Hand, foot and mouth disease

Hand, foot and mouth disease is a common infection that mostly affects children under 10.

Hand, foot and mouth disease usually clears up by itself, within about a week.

Check if you have hand, foot and mouth disease

The first sign of hand, foot and mouth disease can be:

It may be a few days before the ulcers and rash appear.

mouth ulcers
Sores and ulcers appear in the mouth and on the tongue. These can be painful and may affect eating and drinking.
rash on hands and feet
A rash usually also appears on the hands and feet. The spots are often red before developing into a blister.
blisters
The blisters are grey and they can be painful.

If you’re unsure it’s hand, foot and mouth disease, look at other childhood rashes

Things you can do at home to ease the symptoms

Mouth ulcer gels, sprays, and mouthwashes, might ease the blisters

When you buy medicines, always check they are suitable for children and give the correct dose.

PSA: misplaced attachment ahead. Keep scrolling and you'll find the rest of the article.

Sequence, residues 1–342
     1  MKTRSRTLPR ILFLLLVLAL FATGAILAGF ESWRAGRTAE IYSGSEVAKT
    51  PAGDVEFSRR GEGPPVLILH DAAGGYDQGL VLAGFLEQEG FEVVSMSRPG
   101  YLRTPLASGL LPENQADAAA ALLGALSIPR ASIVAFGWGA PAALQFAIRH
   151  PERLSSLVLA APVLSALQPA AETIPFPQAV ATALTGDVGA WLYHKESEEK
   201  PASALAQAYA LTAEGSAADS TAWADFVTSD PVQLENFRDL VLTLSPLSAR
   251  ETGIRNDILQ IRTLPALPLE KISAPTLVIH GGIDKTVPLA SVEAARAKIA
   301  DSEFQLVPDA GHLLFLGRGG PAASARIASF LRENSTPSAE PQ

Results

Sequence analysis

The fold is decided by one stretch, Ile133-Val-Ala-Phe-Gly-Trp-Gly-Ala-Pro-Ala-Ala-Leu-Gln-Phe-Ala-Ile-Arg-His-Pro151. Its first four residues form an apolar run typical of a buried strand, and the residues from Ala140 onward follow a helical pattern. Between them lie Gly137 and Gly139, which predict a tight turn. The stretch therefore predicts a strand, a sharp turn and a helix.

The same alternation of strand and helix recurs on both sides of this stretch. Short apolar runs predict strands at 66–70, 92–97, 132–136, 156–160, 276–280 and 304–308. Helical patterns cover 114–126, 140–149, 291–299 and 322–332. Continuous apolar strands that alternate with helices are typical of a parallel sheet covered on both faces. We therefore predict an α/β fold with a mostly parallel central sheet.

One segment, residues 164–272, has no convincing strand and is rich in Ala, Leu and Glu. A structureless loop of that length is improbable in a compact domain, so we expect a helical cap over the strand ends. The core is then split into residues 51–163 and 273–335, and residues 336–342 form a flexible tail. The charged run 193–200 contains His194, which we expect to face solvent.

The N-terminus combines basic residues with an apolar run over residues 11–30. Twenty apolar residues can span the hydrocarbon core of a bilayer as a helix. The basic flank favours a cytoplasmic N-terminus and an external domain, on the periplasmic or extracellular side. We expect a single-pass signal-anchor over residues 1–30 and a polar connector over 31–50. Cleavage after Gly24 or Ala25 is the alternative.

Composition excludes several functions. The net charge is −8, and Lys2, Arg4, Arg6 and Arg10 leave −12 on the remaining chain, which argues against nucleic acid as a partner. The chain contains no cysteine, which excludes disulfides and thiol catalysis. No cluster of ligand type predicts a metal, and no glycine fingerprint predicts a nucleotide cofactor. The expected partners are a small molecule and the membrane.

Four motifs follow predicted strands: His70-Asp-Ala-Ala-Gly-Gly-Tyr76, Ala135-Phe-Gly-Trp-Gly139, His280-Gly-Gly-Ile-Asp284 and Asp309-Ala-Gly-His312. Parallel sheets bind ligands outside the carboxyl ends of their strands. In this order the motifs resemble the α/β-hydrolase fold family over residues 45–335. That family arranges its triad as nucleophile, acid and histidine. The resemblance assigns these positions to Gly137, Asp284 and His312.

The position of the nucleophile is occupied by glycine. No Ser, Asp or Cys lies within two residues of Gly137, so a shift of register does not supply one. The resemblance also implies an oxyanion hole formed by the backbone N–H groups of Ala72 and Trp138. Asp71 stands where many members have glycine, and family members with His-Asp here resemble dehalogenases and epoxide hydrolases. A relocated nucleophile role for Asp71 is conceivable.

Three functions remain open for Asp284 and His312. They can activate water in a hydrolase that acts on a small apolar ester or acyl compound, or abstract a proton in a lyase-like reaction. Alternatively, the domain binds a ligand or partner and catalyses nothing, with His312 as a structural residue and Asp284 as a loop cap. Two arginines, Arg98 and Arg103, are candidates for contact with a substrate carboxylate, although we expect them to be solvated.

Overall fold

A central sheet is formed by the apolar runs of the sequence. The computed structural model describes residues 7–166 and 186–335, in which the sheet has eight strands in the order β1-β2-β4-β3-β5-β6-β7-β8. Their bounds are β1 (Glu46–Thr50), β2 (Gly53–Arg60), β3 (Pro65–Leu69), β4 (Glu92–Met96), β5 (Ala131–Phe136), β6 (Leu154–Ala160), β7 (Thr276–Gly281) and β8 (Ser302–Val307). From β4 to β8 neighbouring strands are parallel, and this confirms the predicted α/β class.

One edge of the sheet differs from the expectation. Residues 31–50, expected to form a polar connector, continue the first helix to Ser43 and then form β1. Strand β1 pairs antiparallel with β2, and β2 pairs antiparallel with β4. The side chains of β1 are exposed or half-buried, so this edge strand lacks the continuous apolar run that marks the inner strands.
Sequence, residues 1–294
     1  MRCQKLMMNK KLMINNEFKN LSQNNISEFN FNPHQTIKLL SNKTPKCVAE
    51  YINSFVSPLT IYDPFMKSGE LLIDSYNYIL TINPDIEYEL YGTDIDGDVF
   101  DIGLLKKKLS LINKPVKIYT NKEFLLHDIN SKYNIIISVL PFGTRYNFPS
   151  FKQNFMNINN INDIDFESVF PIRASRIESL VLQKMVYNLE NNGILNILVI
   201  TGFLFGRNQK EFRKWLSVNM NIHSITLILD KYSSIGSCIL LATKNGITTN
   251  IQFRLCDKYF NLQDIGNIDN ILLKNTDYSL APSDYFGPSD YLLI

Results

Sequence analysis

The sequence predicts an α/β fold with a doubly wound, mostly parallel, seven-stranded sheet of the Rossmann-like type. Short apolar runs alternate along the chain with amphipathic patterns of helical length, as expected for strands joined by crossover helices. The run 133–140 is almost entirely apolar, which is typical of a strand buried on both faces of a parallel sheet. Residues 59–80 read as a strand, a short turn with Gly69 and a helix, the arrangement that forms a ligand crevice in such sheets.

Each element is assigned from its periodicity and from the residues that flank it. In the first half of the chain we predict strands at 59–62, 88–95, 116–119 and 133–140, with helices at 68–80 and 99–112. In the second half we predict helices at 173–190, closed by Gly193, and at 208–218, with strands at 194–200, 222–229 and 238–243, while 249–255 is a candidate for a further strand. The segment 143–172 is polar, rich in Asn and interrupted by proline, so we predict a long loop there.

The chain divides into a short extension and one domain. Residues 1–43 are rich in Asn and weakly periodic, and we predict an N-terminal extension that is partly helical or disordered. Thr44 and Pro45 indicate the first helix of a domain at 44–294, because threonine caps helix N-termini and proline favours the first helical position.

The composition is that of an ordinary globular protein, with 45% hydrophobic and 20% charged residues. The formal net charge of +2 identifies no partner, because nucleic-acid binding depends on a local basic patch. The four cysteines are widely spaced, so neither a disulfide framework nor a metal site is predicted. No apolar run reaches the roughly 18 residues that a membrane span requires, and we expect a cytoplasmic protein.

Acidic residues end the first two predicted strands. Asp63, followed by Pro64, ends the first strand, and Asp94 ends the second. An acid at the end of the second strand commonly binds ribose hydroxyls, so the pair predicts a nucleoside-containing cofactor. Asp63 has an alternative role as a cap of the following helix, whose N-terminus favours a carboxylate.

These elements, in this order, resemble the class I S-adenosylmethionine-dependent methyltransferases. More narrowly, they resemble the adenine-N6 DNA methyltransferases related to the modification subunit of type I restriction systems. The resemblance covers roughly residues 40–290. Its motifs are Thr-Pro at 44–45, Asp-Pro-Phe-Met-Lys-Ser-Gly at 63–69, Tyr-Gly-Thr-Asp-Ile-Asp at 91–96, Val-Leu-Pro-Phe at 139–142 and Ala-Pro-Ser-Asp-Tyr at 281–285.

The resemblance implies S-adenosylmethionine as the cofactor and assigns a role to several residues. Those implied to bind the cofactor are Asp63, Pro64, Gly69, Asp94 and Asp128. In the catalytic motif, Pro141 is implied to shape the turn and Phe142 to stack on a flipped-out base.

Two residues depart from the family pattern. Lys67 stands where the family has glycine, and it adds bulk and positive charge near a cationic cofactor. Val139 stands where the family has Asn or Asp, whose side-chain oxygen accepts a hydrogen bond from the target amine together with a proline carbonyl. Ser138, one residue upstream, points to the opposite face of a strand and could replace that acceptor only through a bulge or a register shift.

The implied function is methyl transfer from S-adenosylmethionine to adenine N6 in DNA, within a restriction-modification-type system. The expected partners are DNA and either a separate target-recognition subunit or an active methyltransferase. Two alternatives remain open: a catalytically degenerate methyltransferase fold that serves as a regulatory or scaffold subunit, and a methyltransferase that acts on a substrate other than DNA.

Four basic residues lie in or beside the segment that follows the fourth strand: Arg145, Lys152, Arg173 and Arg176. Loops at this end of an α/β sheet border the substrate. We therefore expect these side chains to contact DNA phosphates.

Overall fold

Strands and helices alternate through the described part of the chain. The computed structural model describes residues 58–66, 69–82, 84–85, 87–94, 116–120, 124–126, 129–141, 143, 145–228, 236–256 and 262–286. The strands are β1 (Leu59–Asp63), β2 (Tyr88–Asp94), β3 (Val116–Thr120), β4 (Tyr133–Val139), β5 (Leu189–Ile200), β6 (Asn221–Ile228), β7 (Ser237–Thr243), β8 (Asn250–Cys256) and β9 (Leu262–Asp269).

When to see your GP

Speak to your GP if:

Hand, foot and mouth disease spreads easily

It’s best to avoid close contact with anyone with hand, foot and mouth disease.

Individual schools and nurseries may have their own guidance for when your child can return so it’s best to check with them.

Generally, keep them away from school or nursery while they are feeling unwell. There’s no need to keep them off until the blisters have healed.

Hand, foot and mouth disease in pregnancy

There’s normally no risk to the pregnancy or baby.

However, it’s best to avoid close contact with anyone who has hand, foot and mouth disease.

There’s limited evidence that in very rare cases catching hand, foot and mouth disease during the first three months of pregnancy could lead to miscarriage – due to the fever. However, this risk is very low.

More information on hand, foot and mouth disease